Would somebody please shoot me next time I agree to do a film about growing a vegetable garden?
Yesterday I spent seven hours in the sun without a break with a cameraman from MonkeySee.com trying to tell everything there is to know about growing vegetables in 12 three-minute clips.
The clips are entirely unscripted. I work extemporaneously from a bare outline and there is the constant threat that I will leave something vitally important out of the footage.
The format seemed to work alright last year when we filmed a series about composting. (It is available for viewing in the column on the right under "videos." MonkeySee is all about posting how-to videos on the internet.) I felt pretty comfortable talking about one of my favorite subjects. I felt I could have used another month of preparation and rehearsals before taking on the whole world of vegetables. But the folks at MonkeySee were anxious to get this thing in the can NOW and there wasn't a lot of advance notice.
Funny, I don't remember being interrupted every five seconds by passing cement trucks and helicopters overhead last year. I can't count the number times we stood idle yesterday, waiting for the traffic light to change because a car was stopped at our intersection with a Bob Marley tune playing at ear-splitting decibel levels. Or the worker across the street welding a fence and grinding away with his metal grinder. Or the neighbor out trimming his lawn with his electric lawn trimmer. Or the passersby passing by on the sidewalk, shouting into their cell phones.
At one point, a curious postman walked into the middle of us filming a clip. "Are you on TV?" he asked.
Come to think of it, there's a lot of noise we just grow used to living in the city that makes a cameraman on a film shoot want to tear his hair own.
There was a scene transplanting a tomato plant that I completely muffed. I bought this tall, lanky thing at Whole Foods and after explaining that it was a perfect candidate for laying on its side in a trench, I went ahead and tried to dig a deep hole for it anyway, explaining that the hole would be a great way to get compost down deep into the soil. Well, when I put the tomato plant in the hole, it was still too tall and lanky and just flopped over. Dang.
And how are you supposed to film the seasonal movement of the sun across the garden plot? The point is, you really do have to think about where the sun is going to be at any point in the growing season. It can easily be shaded out by a big tree that was bare in December, but now is casting a long shadow over your squashes.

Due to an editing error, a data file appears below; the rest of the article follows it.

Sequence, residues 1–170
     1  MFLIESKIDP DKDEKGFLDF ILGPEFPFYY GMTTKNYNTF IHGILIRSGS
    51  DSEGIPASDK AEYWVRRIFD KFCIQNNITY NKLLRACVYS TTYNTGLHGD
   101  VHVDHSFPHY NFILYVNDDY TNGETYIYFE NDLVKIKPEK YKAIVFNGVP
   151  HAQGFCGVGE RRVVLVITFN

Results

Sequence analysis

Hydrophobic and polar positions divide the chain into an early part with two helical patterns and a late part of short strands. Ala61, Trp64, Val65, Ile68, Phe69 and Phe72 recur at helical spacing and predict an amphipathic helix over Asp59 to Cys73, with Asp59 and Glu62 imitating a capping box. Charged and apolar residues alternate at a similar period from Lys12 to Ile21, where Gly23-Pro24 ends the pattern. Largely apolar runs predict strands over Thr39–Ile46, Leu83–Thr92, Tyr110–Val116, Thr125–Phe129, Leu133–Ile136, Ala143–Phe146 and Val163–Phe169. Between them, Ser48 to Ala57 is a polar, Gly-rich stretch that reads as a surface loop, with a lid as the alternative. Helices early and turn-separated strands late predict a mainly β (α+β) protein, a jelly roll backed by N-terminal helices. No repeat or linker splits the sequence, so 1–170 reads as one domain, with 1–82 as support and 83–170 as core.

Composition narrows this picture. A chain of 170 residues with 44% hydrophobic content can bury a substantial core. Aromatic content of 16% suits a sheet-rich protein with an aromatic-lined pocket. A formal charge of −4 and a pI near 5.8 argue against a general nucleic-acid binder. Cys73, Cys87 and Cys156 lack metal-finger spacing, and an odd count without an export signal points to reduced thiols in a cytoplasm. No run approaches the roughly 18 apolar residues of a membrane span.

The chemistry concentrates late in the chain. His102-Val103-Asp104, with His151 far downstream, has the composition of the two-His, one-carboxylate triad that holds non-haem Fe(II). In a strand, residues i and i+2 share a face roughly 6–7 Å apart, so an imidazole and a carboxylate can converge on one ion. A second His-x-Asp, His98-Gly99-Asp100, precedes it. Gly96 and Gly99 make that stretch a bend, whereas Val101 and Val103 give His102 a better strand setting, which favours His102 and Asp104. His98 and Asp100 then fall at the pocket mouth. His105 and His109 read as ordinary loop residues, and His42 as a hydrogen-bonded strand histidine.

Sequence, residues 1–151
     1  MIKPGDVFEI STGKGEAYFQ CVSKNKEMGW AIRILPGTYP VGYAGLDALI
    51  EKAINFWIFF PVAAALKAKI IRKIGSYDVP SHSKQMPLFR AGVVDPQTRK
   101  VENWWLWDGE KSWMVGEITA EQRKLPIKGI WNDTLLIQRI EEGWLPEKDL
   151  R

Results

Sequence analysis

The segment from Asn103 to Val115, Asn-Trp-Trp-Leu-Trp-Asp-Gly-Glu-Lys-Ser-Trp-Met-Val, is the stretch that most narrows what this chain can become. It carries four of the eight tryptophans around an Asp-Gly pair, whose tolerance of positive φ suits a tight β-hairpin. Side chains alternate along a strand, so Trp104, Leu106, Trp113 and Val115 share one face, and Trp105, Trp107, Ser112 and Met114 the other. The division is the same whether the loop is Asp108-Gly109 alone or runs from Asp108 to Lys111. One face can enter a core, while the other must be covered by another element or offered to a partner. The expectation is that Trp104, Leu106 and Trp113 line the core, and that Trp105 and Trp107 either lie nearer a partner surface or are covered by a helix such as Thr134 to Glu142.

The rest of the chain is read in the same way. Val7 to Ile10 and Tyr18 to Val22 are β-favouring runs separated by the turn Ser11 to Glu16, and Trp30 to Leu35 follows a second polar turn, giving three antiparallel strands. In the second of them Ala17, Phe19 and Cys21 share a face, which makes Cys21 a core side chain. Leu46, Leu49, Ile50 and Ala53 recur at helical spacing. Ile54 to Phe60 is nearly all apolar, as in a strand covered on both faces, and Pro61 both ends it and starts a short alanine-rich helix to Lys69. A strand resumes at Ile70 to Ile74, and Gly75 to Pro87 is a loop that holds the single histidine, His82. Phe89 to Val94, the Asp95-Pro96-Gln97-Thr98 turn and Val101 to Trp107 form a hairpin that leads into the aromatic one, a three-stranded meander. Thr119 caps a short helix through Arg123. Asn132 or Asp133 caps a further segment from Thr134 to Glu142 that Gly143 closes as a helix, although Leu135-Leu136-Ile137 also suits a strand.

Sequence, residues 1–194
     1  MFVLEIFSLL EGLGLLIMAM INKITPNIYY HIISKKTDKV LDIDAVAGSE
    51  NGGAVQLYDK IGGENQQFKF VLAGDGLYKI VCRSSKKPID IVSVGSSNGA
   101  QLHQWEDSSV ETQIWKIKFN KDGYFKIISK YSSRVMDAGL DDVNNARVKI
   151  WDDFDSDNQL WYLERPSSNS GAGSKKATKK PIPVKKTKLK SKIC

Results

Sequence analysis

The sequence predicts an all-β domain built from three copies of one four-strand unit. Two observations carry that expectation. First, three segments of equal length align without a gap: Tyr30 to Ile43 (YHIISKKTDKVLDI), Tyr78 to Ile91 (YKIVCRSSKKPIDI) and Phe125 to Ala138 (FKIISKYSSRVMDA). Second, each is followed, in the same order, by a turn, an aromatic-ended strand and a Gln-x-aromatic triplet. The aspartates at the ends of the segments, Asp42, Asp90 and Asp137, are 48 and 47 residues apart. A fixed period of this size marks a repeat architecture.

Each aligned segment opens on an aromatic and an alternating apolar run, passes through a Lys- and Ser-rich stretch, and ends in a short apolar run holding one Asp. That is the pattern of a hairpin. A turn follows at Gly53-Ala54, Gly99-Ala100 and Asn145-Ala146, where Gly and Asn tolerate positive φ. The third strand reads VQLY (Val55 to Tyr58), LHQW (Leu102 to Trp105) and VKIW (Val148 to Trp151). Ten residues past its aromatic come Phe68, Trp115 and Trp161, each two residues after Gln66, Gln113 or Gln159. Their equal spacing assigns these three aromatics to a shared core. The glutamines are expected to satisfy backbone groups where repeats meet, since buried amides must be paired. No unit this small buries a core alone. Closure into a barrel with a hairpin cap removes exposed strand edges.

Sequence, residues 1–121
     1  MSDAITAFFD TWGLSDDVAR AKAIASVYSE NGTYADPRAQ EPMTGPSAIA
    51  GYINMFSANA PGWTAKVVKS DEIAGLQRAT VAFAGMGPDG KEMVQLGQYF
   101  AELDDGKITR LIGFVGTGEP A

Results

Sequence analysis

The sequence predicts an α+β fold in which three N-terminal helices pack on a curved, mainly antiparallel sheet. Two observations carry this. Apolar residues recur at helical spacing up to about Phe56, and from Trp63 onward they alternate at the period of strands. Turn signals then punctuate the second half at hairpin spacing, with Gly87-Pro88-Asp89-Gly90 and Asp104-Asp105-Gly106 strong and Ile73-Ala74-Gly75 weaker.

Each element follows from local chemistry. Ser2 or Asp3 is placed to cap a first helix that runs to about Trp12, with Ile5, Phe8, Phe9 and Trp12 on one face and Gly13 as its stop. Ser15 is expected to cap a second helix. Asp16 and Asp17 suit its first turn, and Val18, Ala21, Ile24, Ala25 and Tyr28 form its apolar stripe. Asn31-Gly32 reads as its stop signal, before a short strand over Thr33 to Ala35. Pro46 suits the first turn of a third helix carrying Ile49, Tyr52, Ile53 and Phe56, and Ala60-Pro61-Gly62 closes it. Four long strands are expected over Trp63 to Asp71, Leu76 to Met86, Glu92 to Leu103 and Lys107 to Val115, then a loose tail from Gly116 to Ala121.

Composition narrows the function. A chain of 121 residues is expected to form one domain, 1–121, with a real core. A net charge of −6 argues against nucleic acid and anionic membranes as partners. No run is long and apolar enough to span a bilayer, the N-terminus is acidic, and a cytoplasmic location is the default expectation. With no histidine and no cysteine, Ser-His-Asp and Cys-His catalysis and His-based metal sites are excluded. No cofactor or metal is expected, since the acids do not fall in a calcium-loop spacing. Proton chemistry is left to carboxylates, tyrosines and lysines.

There I was, waving my arms at our tall house, trying to explain how it figures into our planting scheme. The cameraman trained his lens on a row of peas that runs east to west. The easternmost plants are in bloom, the westernmost plants several days behind, all because of the hour's difference in sun they receive when the sun disappears behind our roof.
And what kind of vegetables do you film the first week of May? Well, my mustard greens have come up in a riot of greens and reds. I've got patches of lettuces, incredibly tall garlic, some very happy potato plants and blooming favas and chives. But you won't see any big, juicy tomatoes or record-size zucchini. That's all months away. Instead, we filmed me planting a tomato seed in a peat pot for a section on starting seeds indoors.
Being a garden guru is physically gruelling. There's me on my hands and knees harvesting rhubarb. There's me on my hands and knees spreading mulch. There's me on my hands and knees transplanting a jalapeno pepper. Filling buckets of compost. Digging holes. Running after tools and the water hose. Up, down, up, down, up down.
And that wide-brimmed hat that was supposed to keep the sun out of my eyes? The camerman never ceased to remind me to push it back on my head. It was creating too much shadow on my face, he explained. So now I'm squinting into the sun, feeling like some sort of gardening Pancho Villa.
By the end, the cameraman and I were both a little loopy. Three Ibuprofin later, I'm still aching all over. And this is all done on a volunteer basis, mind you.
I'm counting on digital editing to perform a miracle.